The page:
NIVpc (Zondervan, $239.95); CDWord (CDWord Library, $595.00). Reviewed by Mark Stover, who is the theological librarian at Calvin Theological Seminary in Grand Rapids, Michigan.

The past few years have seen a remarkable influx of microcomputer-based Bible-study aids for both ministers and laypersons. These tools range in price from under $50 to over $700 and often also range in usefulness to the same degree. Some “computer Bibles” are simply enhanced concordances, while others offer Greek and Hebrew grammatical aids, sophisticated searching interfaces, and even the complete texts of theological dictionaries and Bible commentaries.

Instabible

A recent entry into the electronic Bible market is NIVpc, which contains the New International Version of the entire Bible, as well as the Greek New Testament eclectic text on which the NIV was based. A new edition, which includes the Hebrew Old Testament, is planned for release in the near future.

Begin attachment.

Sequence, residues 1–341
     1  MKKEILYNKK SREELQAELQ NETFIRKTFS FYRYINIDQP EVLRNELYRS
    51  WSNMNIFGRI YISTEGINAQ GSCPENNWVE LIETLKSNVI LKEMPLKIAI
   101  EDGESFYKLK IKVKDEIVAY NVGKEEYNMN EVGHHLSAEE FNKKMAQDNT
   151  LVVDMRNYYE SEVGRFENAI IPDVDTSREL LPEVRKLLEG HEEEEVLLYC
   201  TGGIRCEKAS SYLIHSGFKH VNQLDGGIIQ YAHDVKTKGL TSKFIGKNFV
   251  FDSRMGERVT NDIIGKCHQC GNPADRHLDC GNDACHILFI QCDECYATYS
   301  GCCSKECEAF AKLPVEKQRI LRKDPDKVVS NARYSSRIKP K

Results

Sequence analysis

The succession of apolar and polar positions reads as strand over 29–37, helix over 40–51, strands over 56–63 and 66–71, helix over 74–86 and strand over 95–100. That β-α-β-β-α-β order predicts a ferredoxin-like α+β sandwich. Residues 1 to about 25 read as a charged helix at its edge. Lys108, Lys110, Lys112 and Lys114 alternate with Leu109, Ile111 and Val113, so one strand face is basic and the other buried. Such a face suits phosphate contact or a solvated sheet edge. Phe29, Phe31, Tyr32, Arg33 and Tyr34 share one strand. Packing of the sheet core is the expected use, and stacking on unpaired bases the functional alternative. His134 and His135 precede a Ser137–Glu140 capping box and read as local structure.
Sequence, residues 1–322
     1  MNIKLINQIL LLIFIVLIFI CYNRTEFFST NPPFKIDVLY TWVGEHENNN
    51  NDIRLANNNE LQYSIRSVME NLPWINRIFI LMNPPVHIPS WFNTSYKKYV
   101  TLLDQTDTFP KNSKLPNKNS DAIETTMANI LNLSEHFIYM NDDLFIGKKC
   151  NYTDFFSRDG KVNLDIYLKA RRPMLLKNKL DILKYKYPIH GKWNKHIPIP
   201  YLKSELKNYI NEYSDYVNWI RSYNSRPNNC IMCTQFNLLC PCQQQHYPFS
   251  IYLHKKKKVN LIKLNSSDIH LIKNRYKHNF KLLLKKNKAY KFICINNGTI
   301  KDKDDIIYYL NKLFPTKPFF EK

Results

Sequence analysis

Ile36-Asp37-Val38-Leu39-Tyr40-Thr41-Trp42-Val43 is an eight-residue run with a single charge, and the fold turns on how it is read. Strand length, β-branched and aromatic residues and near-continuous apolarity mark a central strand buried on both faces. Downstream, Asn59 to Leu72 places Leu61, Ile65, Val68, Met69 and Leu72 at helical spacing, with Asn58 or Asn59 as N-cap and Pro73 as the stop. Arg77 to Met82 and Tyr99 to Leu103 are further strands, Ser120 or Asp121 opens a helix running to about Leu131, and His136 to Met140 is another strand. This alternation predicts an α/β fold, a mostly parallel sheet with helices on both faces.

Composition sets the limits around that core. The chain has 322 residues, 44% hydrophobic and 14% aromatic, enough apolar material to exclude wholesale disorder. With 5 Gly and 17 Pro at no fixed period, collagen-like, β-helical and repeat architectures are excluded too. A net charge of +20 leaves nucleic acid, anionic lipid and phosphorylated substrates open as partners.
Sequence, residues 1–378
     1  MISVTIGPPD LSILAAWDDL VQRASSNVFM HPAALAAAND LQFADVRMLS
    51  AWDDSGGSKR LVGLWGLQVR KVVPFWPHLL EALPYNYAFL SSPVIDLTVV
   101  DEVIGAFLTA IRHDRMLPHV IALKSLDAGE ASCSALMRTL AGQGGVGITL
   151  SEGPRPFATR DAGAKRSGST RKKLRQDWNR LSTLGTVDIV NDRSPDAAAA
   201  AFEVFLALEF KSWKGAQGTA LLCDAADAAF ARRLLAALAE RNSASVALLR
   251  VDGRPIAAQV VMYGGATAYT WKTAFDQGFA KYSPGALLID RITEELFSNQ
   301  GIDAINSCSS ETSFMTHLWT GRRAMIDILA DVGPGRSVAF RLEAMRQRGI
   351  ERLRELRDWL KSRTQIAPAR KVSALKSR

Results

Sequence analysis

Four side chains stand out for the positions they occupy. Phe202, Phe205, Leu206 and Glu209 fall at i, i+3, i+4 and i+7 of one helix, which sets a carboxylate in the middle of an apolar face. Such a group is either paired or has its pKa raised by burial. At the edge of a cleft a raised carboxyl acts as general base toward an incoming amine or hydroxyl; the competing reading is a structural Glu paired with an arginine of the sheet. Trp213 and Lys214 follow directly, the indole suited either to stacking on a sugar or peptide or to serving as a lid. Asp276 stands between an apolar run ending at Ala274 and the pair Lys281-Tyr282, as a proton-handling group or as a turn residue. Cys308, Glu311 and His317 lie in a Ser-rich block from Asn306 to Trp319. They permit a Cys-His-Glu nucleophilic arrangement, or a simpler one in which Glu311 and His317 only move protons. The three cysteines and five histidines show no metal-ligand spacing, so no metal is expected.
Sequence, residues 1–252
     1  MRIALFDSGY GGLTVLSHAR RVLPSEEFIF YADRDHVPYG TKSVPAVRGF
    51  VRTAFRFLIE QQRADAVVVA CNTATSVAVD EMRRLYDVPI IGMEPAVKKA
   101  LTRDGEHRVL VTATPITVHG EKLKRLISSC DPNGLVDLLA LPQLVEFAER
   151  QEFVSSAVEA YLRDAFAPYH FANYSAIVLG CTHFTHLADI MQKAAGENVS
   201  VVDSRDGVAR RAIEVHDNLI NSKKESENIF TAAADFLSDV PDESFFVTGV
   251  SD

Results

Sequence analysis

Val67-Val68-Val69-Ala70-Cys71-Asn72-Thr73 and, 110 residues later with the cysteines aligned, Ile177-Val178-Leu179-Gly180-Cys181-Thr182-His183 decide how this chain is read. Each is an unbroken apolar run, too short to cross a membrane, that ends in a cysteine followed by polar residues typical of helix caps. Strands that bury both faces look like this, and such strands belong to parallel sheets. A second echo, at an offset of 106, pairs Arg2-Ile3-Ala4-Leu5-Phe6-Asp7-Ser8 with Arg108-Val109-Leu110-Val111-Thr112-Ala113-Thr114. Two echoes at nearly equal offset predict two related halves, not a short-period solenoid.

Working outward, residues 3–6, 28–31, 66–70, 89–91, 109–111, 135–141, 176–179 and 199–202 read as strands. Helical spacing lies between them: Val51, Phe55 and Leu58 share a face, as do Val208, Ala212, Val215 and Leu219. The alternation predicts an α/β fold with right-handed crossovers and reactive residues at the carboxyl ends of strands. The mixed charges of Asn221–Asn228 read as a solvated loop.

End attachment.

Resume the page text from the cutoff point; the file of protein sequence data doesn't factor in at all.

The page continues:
A good way to visualize the capabilities of NIVpc is to picture a massive concordance of the Bible. Searches can be performed to find any word, any part of any word, or any combination of words in English or Greek in a matter of seconds. For example, the user might want to know which verses in the Bible contain both the words sower and seed. This kind of search would be extremely time-consuming if done manually with a traditional concordance, but a computer search can provide accurate search results almost instantaneously.

NIVpc compares favorably with the dozen or so other electronic Bibles available. On the plus side is its user-friendly interface, providing help screens and “menus” (based on the popular Lotus 1-2-3 spreadsheet program) that ease the pain of learning a new computer application. ...

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